Monday, December 19, 2005

Feingold and Graham


Sen. Russell Feingold (D-Wis) responded to Gonzales' comments in an NBC interview this morning. "This is just an outrageous power grab," he said. "Nobody, nobody, thought when we passed a resolution to invade Afghanistan and to fight the war on terror, including myself who voted for it, thought that this was an authorization to allow a wiretapping against the law of the United States. "There's two ways you can do this kind of wiretapping under our law. One is through the criminal code, Title III; the other is through the Foreign Intelligence Surveillance Act. That's it. That's the only way you can do it. You can't make up a law and deriving it from the Afghanistan resolution. "The president has, I think, made up a law that we never passed," said Sen. Russell Feingold (D-Wis.)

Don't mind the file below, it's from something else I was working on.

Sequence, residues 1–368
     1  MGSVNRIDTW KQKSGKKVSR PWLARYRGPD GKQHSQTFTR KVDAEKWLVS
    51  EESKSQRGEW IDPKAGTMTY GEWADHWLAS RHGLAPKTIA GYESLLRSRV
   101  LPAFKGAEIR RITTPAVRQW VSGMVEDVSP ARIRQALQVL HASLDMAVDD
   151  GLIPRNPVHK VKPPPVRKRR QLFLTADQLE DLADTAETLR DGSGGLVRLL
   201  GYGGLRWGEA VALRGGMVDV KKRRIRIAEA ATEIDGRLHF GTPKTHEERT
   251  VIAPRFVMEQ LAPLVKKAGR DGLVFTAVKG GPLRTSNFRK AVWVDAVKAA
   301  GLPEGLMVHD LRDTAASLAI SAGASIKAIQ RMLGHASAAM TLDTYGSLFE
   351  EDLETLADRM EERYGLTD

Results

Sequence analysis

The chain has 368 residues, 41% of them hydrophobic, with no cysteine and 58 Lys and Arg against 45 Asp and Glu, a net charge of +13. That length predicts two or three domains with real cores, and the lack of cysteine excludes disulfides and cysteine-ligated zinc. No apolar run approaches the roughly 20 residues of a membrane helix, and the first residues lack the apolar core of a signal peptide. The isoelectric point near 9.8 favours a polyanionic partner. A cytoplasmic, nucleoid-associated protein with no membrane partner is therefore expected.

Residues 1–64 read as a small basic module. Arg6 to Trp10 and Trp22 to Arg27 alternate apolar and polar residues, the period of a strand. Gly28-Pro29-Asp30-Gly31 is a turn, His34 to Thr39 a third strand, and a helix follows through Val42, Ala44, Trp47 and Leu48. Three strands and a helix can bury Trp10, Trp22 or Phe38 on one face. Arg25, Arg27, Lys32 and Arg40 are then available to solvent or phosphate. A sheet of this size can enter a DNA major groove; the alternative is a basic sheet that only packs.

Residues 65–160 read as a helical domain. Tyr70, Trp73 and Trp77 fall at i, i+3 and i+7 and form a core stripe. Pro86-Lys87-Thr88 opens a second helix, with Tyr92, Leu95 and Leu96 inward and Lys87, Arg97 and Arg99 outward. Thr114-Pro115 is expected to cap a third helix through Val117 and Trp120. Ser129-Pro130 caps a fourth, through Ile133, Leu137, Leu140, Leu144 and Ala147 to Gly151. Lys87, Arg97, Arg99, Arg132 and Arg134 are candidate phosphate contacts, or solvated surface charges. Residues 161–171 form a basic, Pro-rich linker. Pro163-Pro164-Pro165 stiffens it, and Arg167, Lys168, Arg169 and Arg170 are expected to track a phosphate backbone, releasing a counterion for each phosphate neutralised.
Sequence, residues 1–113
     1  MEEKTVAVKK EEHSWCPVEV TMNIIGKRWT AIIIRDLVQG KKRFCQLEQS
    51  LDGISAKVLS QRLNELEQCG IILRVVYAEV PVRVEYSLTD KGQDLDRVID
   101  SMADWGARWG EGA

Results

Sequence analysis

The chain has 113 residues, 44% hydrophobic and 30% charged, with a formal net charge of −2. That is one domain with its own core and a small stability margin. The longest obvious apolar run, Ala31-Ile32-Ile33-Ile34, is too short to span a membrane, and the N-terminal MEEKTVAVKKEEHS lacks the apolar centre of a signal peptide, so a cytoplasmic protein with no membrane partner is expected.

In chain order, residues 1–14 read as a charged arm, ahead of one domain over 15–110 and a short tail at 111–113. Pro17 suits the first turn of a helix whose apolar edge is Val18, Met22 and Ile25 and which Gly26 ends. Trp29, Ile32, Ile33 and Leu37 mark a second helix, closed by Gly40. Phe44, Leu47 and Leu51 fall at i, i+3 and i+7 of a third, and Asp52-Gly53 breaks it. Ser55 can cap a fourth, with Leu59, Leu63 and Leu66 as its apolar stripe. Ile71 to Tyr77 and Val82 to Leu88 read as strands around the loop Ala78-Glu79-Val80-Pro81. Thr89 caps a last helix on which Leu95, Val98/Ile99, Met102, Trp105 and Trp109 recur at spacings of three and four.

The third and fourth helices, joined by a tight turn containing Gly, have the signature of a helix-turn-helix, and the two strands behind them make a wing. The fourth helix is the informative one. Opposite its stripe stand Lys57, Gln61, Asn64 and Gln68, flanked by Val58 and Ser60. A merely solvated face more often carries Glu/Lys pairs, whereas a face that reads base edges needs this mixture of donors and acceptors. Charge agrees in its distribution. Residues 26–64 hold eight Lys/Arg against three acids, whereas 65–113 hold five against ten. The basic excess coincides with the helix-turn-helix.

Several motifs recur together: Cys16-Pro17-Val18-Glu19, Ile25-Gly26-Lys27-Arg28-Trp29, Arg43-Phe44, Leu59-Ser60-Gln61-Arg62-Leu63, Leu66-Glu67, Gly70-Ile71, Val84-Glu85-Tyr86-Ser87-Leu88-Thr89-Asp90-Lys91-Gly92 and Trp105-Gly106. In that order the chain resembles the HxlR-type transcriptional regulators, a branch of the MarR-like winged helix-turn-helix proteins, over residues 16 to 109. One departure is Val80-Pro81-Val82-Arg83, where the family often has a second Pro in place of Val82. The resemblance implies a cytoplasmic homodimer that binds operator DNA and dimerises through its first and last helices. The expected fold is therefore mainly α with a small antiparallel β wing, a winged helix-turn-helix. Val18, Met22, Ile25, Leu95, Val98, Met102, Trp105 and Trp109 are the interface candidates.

My interpretation of the law would be yes, that he did not have the legal authority to do this under the Afghanistan war resolution or under the general powers as commander-in-chief. The Congress in 1978 — and there’s been no effort to modify it in any significant way since that time — understood that circumstances might change, but it did not provide for any circumstance in which the president alone, without consulting any other legal authority, judicial authority, could waive the rights of U.S. citizens to be free from having their phones wiretapped.